The Evening Parade

evening paradeFew experiences have impressed me more than when I saw the “Evening Parade” at the Marine Barracks in Washington, D.C. First, I was impressed with the sharp uniform of the Marines. Each Marine had a white military hat with a black visor, adorned with the insignia of the Marine Corps, a golden eagle, globe, and anchor. Their black top coat, bordered with thin red line, was decked with gleaming brass buttons, medals, awards, and symbols of rank. They wore black shoes, shined so well that they looked like black crystal. Contrasting crisply between the black top coat and shoes, their trousers are immaculately white. If their uniform looked so impressive, imagine the panoply of over one hundred Marines!

Now the Marines are ready and one hears two clear rings of the bell, announcing the commencement of the ceremony. They march onto the field with such precision that they seem to be only one man. An order is given to fix bayonets on their rifles. Their movements are solemn, but firm and they fix their bayonets with so much unison that one seems to be looking at a display of mirrors. Once all their bayonets are fixed, one company is chosen to execute the ceremony. Marching to the center of the field, the company forms a single file line for inspection. The commanding officer stops before one soldier who tosses his rifle in the air. As the rifle makes somersaults in the air, flashing its sharp bayonet, one hears the spectators suddenly breath with dreadful expectation. However, the officer catches it with the utmost ease and passivity, inspects it, and flings it from behind his back. The soldier catches it and repositions it as if it had never left his shoulder. Then the officer stands between two soldiers who toss their rifles both at the same time. Without a flinch, he receives both rifles, returns them and they begin a military juggling act, involving great danger on account of the sharp bayonets. All this, however, is just the beginning and after a few more inspection feats, the company positions itself to commence the most awe-inspiring part of the ceremony.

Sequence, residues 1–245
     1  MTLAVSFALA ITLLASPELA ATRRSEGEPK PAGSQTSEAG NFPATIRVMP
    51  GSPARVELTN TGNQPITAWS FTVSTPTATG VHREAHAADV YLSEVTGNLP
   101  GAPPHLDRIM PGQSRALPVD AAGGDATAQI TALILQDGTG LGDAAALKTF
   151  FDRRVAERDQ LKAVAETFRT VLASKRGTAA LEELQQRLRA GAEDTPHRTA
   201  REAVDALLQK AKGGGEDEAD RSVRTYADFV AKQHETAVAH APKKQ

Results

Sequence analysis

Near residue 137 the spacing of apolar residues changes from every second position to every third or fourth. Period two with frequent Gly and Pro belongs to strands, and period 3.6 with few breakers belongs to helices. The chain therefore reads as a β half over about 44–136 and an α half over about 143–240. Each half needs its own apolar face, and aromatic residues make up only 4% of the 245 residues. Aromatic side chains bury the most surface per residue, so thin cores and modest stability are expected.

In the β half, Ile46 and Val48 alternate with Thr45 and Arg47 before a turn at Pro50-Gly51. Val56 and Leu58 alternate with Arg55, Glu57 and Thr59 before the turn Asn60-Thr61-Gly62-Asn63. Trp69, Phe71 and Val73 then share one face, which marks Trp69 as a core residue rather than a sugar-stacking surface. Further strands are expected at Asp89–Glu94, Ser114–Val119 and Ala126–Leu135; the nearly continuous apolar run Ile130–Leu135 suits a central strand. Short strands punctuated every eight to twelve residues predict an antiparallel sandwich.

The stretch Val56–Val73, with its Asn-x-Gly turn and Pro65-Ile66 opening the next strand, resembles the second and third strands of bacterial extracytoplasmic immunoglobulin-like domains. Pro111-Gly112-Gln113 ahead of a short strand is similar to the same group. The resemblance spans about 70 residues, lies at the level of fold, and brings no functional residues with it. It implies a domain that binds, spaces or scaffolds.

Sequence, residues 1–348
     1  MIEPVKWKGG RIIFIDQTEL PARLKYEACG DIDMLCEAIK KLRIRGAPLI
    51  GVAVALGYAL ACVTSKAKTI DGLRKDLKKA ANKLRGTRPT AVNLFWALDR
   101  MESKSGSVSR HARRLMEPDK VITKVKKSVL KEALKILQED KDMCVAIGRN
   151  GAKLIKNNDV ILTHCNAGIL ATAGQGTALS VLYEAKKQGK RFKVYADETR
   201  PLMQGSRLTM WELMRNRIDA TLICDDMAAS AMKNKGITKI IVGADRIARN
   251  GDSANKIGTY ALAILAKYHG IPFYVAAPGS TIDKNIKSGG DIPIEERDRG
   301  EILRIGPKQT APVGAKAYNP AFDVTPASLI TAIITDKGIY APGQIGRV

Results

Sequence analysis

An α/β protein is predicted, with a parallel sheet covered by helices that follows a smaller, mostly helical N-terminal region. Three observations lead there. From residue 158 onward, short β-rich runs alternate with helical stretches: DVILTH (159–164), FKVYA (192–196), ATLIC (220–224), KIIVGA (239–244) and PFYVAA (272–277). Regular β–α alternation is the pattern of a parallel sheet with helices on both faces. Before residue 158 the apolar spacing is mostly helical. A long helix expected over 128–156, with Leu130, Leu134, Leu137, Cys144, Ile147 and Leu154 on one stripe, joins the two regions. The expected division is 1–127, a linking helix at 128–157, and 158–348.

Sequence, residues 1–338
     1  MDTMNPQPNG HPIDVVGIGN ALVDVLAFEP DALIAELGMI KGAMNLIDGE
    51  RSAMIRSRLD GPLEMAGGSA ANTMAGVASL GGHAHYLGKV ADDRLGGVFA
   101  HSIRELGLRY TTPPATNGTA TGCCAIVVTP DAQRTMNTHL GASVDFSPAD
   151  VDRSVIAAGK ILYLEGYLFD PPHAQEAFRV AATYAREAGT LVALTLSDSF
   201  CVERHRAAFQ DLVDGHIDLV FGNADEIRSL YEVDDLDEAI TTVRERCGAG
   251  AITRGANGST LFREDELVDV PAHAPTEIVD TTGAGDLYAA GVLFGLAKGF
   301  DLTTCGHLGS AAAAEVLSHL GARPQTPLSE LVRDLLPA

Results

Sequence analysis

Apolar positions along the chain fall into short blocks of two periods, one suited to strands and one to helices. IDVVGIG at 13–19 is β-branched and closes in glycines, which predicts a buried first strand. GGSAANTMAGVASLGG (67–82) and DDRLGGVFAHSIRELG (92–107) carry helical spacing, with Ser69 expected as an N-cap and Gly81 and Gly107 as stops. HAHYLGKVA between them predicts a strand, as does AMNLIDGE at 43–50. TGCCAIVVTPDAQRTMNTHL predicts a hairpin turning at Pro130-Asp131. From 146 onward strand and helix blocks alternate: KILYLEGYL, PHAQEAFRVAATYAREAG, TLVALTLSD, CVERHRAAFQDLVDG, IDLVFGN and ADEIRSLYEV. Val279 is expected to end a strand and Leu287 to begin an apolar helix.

The company executes the “Silent Drill” by forming two lines which crisscross each other, forming beautiful geometrical lines and patterns. All the while, the soldiers are doing a whole array of maneuvers with their rifles. Sometimes they slam the stocks of the rifle on the ground and other times they spin their rifles, nearly cutting each other’s noses off! All this is done without any commands. Each and every soldier must know precisely what to do, in the risk of being cut or stabbed by a bayonet. The company continually marches in perfect cadence, while they slap and slam their rifles all together, making it sound like great thunderclaps. After a great many “awes” and “wows”, they end the incredible drill and the crowd returns the thunder of the rifles with the thunder of their applause.


Last, but not least, the ceremony is topped off with the presentation of the Marine Band and the Drum and Bugle Corps. Dressed in red top coats, instead of black, the military musicians march with their shining silver instruments. The most striking instruments there are two tubas that were designed in such a way that the player carries it on his shoulder like a bazooka! It is unbelievable to see how they march back and forth and, yet, play with the best tuning and quality. If one were merely to listen to their music and not look at them, one would not be able to perceive that they were marching. Of course, they play American military marches, but they also play marches from other countries as well. Changing from quick step to solemn step, they played “Scotland the Brave,” imitating the chords of Scottish bagpipes. After they played their whole musical repertoire, they march out of field, followed by all the Marine units. The lights are dimmed and the spotlight turned to the very top of the barracks where there stood a lone bugler sounding “Taps” with his bright silver bugle. The most impressive military parade ended, but it forever remains in the memories of all who saw it.



Michael Gorre

School year 1996-‘97